From Longman Dictionary of Contemporary Englishsquatsquat1 /skɒwt $ skwɑːt/ ●○○ verb (squatted, squatting) [intransitive] 1 SITto sit with your knees bent under you and your bottom just off the ground, balancing on your feetsquat down He squatted down beside the little girl.► see thesaurus at sit2 LIVE SOMEWHEREto live in a building or on a piece of land without permission and without paying rent→ See Verb table
Examples from the Corpussquat• People squatted around the fire in small groups• A little boy was squatting at the edge of the pool.• He squatted down beside me and offered me a cigarette.• Tuan Ti Fo squatted, his legs folded under him, watching the boy.• Thousands of families are still squatting in war-damaged buildings.• It squatted incongruously among the trees, looking like a visitor from another planet.• Blue Mooney squatted next to a pink-and-white Pontiac as he stabbed the ice pick into the fourth tire.• Finally he broke away and went and squatted on his haunches by the stream.• The trail was half lost in fog, the overcast squatted on the mountain.squatsquat2 adjective LOWSHORT PERSONshort and thick or low and wide, especially in a way which is not attractive squat stone cottages a squat little old man
Examples from the Corpussquat• The brown buildings were old and squat.• Comanche tipis were more squat and conical.• a shabby, squat, balding man in an old raincoat• Ravi-no stood looking, his squat body immensely still.• And now this desperate damage: the squat compactness unhinged, made powerless.• The floor was covered in thick creamy carpet on which stood squat, natural leather chairs.• During the greater part of each contest, the two are settled in a squat position, measuring each other.• He came at last to Kinton, rounded the squat, square-towered church and the main street of the village stretched before him.• The cook was short and squat, with thick eyebrows and a slight moustache.squatsquat3 noun 1 SIT[countable] a squatting position2 [countable] British EnglishLIVE SOMEWHERE a house that people are living in without permission and without paying rent She lives in a squat in Camden.3 [uncountable] American English informal nothing, or nearly nothing. Squat is often used in negative sentences for emphasis He had a job that paid him squat. You don’t know squat about it.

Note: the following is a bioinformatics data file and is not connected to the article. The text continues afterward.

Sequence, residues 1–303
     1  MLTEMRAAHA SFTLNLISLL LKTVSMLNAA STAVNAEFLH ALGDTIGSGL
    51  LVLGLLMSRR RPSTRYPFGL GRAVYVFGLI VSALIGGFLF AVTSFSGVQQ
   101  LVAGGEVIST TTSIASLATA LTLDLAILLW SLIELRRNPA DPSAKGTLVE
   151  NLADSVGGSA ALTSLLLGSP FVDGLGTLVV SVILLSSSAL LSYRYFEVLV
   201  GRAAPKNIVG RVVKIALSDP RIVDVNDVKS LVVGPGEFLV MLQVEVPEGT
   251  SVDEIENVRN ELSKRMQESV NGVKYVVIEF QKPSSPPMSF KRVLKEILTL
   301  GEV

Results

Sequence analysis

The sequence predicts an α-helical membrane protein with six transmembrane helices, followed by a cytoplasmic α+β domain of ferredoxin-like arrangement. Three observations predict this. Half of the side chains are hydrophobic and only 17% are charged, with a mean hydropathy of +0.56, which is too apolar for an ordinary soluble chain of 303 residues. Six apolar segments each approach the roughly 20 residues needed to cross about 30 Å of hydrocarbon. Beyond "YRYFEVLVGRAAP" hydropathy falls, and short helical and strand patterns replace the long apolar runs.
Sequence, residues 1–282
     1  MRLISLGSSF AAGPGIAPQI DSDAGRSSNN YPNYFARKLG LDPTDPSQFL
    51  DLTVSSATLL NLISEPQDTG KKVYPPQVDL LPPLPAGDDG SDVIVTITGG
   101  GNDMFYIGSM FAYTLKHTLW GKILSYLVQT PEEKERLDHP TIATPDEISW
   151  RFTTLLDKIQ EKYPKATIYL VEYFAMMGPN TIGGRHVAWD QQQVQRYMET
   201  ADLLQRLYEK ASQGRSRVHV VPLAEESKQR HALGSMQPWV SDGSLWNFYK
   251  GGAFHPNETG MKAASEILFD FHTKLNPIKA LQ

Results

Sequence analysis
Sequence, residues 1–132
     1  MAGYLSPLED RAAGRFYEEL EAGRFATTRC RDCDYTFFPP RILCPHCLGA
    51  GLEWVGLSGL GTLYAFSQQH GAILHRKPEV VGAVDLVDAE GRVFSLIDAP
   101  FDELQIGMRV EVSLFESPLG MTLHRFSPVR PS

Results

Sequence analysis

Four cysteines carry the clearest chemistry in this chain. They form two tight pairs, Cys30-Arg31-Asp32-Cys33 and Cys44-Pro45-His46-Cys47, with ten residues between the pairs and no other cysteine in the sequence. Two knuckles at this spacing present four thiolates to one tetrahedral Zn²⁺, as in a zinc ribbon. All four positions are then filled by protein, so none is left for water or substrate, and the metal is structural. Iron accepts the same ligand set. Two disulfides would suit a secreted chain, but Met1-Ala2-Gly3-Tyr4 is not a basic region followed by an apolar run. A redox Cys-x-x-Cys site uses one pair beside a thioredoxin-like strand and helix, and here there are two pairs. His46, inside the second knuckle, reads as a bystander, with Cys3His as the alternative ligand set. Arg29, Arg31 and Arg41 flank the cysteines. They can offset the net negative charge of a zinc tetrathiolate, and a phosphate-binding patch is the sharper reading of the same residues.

Examples from the Corpussquat• He was in that terrible state of lumbar pain where mobility involves a slow ambulatory squat.• Most of them have moved off since they broke the squat.• The rubber band workout group improved 26 percent in the squat and 17 percent in the shoulder press.From Longman Business Dictionarysquatsquat1 /skɒwtskwɑːt/ verb (squatted, squatting) [intransitive]PROPERTY to live in a building or on a piece of land without permission and without paying rentThere are people squatting in the house next door.→ See Verb tablesquatsquat2 noun [singular] British EnglishPROPERTY a house that people are living in without permission and without paying rentOrigin squat1 (1300-1400) Old French esquatir, from quatir “to press”, from Vulgar Latin coactire “to press together”, from Latin cogere; → COGENT squat2 (1600-1700) squat “in a squatting position” ((15-19 centuries)), from an old past participle of → SQUAT1 squat3 1. (1500-1600) → SQUAT12. (1900-2000) diddlysquat; → DIDDLY